By Kendall Dunovant, USGA Rules Department
When you are trying to navigate your way
around a course, you may find your ball in a tough spot and wish you could ask
for some help to make it a bit easier. One of the fundamental challenges in the
game of golf, however, is you must generally make your own strategic and
The Rules of Golf limit the help that is
available to players to maintain this specific challenge. Let’s dive into the
rights and restrictions around help and advice, which are covered in Rule
First and foremost, it’s essential to know
that during a round you must not give advice to – or ask for advice from – anyone
in the competition (with a few exceptions).
The Rules offer a clear definition of “advice.”
Advice is any verbal comment or action that is intended to influence a player
in choosing a club, making a stroke or deciding how to play during a hole or a
round. But advice does not include “public information,” such as the location
of things on the course, yardages, wind direction or the Rules.
Let’s look at a few examples:
• You may ask someone the
distance from your ball to the hole; you may not ask someone what club
you should use.
• You may ask where the green is located or whether there are any
bunkers or penalty areas on a hole.
• You may ask another player (or tell another player if they ask
you) what your options are when you find yourself in a situation in which you
may wish to take relief, such as in a penalty area or when your ball is
The Rules do allow you to ask for advice from
a few select people: your caddie and, in partner forms of play, your partner
and his or her caddie. Additionally, in a team competition, a committee may
choose to put a Local Rule into effect that would allow teams to designate one
or two advice givers.
The Rules of Golf also have limitations on
what you may do in preparing for and making a stroke, and how your caddie (or,
when applicable, your partner and partner’s caddie) may help you.
You must independently take your stance and
aim at the target. The Rules protect this challenge by not allowing you to
deliberately set down an object to help in taking your stance. For example, you
cannot place a club on the ground along your feet to make sure you are lined up
This is fine to do on the driving range, but it
is not allowed when taking your stance to make a stroke during a round. Once
you have placed an object on the ground and taken a stance for your stroke with
the object in place, you cannot avoid a penalty by backing away and removing
the object. So don’t lay down a club or alignment rod during play.
Another way the Rules ensure that you
independently take your stance is by not allowing your caddie to deliberately
stand behind you on or near an extension of your line of play. Once you have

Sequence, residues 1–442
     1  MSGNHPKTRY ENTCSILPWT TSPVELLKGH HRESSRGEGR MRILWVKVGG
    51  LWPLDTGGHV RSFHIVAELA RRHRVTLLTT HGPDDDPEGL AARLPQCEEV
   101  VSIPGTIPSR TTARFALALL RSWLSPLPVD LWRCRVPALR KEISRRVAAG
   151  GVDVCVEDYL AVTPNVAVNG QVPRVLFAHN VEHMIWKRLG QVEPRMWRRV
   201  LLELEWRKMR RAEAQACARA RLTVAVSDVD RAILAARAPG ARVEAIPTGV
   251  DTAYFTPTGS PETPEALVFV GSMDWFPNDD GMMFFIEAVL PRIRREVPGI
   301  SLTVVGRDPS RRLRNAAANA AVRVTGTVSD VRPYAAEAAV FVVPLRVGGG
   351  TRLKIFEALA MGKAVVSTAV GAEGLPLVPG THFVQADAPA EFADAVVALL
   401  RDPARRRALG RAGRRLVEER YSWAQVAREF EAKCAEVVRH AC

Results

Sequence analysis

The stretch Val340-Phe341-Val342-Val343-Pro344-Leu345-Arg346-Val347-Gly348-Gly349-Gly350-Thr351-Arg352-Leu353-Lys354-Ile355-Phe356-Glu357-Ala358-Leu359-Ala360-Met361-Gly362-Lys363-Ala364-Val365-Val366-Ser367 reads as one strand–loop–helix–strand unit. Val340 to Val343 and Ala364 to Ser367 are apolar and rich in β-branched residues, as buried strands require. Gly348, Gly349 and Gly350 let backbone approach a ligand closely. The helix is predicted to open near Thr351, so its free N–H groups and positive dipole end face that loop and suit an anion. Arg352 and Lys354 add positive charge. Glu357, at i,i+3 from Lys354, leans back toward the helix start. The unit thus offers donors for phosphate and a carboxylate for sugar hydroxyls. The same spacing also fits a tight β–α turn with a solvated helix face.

begun to take your stance for the stroke, whether on or off the putting green,
you must not have your caddie deliberately standing behind you.
However, in this situation you can avoid a penalty
by backing out of your stance, having your caddie move out from the extension
of your line of play, and then taking your stance again. For more information,
see the Clarifications for Rule
Additionally, the Rules do not allow a caddie
(or any other person) to physically help you or provide you protection from the
elements during a stroke. This means that you must not make a stroke while
getting physical help from another person or have another person or object
positioned to provide protection for you from things like sunlight, wind and
This Rule does not, however, prohibit you
from taking actions to protect yourself from the elements, so feel free to
break out the shades, put on your rain suit, or even hold an umbrella over your
own head while making a one-handed stroke. (Good luck with that!)
The Rules treat pointing out the line of play
differently depending on whether your ball is on the putting green or somewhere
else on the course.
• Ball Anywhere Other Than on the
Putting Green: You may have your line of play pointed out to you by having any
person stand on your line of play or by having an object set down on the
course. In both cases, the person or object must be moved before the stroke is
• Ball on the Putting Green: One of
the notable changes in the 2019 Rules of Golf removed the restriction on
touching your line of play on the putting green. With this change, players and
caddies may touch the line of play with a hand, foot, flagstick or anything
else he or she is holding, so long as the action does not improve the
conditions affecting the stroke. However, it is important to note that your
caddie must not stand on or near your line of play or point out your line of
play while you are making the stroke.
• Additionally, when your ball is
on the green, you are not allowed to set an object down on or off the putting
green to show the line of play, even if that object is moved before you make
Knowing the Rules about help and advice can
help you make the most of your round and maintain the integrity of this
challenging game. A round of golf can put you in some tricky spots but learning
how to independently make decisions about your game will help you master it.
For more on the Rules of Golf, click here.